Further to our previous bulletin updates in March and May of this year in relation to offshore workers, Union leaders have been successful in the preliminary stage of litigation in respect of holiday pay.
The Working Time Directive, adopted on health and safety grounds, came into force in 1998 and provides UK workers with the right to 4 weeks' paid annual leave as well as other rights in respect of working hours and rest breaks.
The challenge by the Unions came in June 2004 on behalf of nearly 300 offshore workers who typically worked two weeks on / two weeks off. Their claim related to the right to receive 4 weeks' paid leave under Regulation 13.
The preliminary hearing, heard in Aberdeen this week, related to the issue of jurisdiction. The tribunal was to decide the question of whether or not the Regulations apply to those employed outwith UK "territorial waters" (i.e. installations that are more than 12 miles offshore). Despite arguments to the contrary by employers in the oil and gas sector, the tribunal ruled that the Regulations do apply to installations outside British territorial waters.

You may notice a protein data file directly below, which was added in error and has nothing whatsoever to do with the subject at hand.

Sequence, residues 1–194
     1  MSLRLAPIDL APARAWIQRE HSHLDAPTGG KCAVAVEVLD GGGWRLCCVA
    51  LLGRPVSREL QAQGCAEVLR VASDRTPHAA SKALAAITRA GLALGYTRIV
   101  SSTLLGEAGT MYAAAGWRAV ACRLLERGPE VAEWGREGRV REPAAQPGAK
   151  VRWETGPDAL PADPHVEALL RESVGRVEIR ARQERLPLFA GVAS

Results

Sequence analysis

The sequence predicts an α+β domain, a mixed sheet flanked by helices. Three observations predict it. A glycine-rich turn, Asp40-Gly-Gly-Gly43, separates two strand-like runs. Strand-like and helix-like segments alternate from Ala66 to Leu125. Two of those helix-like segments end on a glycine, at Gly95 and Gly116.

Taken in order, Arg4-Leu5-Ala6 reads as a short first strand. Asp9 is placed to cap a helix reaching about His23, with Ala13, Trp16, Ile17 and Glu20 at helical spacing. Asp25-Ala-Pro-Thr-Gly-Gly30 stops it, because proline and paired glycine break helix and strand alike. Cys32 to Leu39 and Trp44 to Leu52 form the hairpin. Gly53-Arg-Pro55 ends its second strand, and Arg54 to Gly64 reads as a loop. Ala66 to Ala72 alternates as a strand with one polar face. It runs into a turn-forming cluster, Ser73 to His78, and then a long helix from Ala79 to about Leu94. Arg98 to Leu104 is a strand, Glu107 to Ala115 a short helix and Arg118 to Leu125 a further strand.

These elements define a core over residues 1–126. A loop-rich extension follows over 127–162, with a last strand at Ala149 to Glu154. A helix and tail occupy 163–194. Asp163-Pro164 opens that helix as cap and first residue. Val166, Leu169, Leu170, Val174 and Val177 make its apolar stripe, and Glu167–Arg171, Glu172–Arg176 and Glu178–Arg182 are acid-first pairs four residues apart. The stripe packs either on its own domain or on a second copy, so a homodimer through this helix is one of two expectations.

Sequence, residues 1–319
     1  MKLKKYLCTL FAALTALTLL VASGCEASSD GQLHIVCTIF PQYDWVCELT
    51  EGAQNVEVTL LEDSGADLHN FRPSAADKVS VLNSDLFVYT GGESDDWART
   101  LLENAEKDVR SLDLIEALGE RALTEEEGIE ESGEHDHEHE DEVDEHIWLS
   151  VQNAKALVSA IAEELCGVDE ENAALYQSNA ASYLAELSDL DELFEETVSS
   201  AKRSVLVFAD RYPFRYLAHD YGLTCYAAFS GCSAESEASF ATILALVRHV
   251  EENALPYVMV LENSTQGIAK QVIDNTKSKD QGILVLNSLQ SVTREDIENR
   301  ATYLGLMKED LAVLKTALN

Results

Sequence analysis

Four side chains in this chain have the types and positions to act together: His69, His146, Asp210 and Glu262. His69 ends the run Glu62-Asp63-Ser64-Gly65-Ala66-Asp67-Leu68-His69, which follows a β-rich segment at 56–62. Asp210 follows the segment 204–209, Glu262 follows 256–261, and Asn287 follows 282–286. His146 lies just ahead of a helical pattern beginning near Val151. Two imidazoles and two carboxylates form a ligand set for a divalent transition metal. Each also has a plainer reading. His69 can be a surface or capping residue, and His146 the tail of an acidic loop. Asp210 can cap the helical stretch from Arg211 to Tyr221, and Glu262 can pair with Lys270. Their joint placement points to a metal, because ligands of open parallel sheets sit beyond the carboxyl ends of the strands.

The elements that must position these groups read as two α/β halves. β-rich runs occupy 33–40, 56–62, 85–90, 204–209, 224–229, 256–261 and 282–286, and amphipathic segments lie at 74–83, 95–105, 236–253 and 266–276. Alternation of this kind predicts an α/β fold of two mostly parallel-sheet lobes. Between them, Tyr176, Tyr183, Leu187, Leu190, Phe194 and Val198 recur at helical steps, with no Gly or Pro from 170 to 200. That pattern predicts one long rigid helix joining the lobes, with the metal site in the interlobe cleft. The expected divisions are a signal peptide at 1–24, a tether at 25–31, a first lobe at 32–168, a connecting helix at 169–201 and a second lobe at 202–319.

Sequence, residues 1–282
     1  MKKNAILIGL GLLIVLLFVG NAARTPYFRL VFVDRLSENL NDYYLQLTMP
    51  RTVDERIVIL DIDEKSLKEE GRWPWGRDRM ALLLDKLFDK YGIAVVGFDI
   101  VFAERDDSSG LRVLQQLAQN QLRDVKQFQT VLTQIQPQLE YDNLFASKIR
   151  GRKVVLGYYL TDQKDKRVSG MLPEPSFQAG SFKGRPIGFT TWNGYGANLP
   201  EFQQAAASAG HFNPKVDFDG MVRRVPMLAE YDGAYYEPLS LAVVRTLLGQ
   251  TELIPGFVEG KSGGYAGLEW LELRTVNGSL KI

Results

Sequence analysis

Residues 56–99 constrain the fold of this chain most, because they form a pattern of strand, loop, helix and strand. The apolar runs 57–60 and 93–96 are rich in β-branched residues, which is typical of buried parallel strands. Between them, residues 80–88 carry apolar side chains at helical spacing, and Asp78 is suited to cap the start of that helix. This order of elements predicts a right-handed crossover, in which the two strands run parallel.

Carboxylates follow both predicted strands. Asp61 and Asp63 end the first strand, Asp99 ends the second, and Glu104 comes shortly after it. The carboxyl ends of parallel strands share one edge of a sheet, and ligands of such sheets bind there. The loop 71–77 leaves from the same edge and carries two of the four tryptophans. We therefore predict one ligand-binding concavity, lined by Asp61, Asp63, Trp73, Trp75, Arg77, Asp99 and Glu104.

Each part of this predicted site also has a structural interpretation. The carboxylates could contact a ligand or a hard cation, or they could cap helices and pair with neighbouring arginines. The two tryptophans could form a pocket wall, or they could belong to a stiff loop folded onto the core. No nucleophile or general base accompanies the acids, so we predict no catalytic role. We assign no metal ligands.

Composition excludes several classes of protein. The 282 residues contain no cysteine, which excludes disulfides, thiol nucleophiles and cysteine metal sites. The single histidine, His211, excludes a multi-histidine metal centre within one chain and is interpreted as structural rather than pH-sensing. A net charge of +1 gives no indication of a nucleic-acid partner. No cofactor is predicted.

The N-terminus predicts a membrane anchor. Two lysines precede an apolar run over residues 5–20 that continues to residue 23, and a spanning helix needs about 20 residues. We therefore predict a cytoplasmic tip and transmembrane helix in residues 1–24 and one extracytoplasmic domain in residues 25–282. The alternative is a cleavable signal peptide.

The oil industry representatives are currently studying the ruling and further challenges are expected.
Jake Molloy of OILC (Offshore Industry Liasion Committee), who represent 120 of the employees, commented: "We are delighted, but this is the first battle in what could be a long and drawn out war".
Indeed this ruling represents only the first hurdle in respect of the employees' claim, their full case is yet to be heard.